If you’ve ever pondered how it’s possible to have a lovely lawn while also being considerate of the environment, learning about organic lawn care is something you should do. We will cover all the information you require regarding maintaining an organic lawn in this article.
We’ll go through the steps involved in switching from conventional to organic lawn care as well as some dos and don’ts you should be aware of. We will also go through how to change from conventional to organic lawn maintenance.
What Is Organic Lawn Care?
Managing your lawn and all of its components without the use of potentially dangerous chemicals is known as organic lawn care.
For example, your neighbor may decide to spray weed killer around the area surrounding the base of his fence in order to keep it looking neat and orderly. As an alternative, you might choose to plant wildflowers along your fence and take advantage of the lovely encroachment. While your neighbor may be using chemical fertilizers to help reduce weeds while you are caring for your lawn organically, you may end up having to pull your weeds by hand if you are utilizing organic ways.
The environmental advantages may outweigh the additional work required to maintain an organic lawn compared to a conventionally designed yard with lots of grass.
How Do I Treat My Lawn Organically?
Organic lawn care is based on the premise that strong, chemical-free soil will result in lawns that can almost take care of themselves. This serves as the foundation for organic lawn maintenance.
Following years of being flooded with chemicals to ward off grubs, eradicate weeds, and green up the turf, practitioners claim that the potential of soil to carry out these tasks naturally has been rendered inoperable. You can restart things naturally if all of the chemicals are immediately removed from the environment.
Furthermore, if the soil is healthy, you might not ever need to use pesticides, herbicides, or even fertilizers again.
Is Organic Lawn Care Better?
In addition to being safer for you and your family and healthier for the environment, it will also make your lawn look better than it ever has.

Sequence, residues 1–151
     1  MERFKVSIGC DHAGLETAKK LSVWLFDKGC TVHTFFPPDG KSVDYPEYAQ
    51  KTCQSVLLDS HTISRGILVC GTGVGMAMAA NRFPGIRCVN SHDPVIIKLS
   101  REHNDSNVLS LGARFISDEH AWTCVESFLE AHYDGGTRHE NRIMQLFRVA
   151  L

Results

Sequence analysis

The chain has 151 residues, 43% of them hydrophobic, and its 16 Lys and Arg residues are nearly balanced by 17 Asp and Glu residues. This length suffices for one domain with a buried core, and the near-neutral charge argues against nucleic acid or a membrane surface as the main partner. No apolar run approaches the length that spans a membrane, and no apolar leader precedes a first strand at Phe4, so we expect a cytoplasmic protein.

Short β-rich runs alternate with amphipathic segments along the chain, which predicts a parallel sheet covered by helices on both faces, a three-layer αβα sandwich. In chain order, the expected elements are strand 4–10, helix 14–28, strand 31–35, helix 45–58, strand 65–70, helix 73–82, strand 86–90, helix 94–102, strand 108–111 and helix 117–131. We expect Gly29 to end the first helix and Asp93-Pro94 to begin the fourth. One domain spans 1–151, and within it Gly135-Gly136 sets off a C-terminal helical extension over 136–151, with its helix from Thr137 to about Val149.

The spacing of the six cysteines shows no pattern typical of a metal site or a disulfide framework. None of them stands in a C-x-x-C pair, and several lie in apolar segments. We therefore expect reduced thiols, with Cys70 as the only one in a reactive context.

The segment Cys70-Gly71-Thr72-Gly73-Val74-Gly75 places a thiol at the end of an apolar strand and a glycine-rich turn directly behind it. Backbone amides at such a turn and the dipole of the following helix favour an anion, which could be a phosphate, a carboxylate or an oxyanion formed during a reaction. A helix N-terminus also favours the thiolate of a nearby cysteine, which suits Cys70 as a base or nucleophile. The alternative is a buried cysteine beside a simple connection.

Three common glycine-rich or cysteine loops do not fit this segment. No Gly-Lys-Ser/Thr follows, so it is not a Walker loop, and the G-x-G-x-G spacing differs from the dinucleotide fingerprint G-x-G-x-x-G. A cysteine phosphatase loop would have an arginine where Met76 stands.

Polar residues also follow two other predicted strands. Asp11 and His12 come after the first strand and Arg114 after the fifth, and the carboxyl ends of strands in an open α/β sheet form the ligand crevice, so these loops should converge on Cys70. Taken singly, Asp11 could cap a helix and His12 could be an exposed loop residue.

Transition to Organic Lawn Care in 5 Steps
Start with a Soil Test
If you have a lawn that is already established and wish to transition to organic care, the first step is to reinforce its soil. This necessitates a soil test to identify which nutrients are lacking and which organic additions the soil needs.
You must collect two cups’ worth of dirt samples from various spots around your lawn, send them to a lab for analysis, and then mail the results back to you. Ask if there are any nearby nurseries and university extension offices that do soil testing (both should provide soil-sample boxes).
The next stage is to prepare the lawn by trimming the grass to a height of about 2 inches, pulling weeds, removing thatch (dead grass and roots that pile up on the surface), and aerating the soil after determining which type of amendments are necessary (a power aerator that pulls up plugs of soil can be found at most rental yards). As a result, any nutrients you feed to the soil will be totally absorbed.
Get started with composting
Regardless of the test’s results, you should still spread a half-inch of compost over the grass to boost the quantity of helpful organic matter.
Look for compost that contains organic plant material that has decomposed, similar to what you may discover on the ground in a forest. You may either buy it from nurseries or collect your own yard waste and put it in a pot in your garden.
Numerous communities have composting programs, which may include providing subsidised composting containers and education on how to compost.
Use Organic Lawn Fertilizers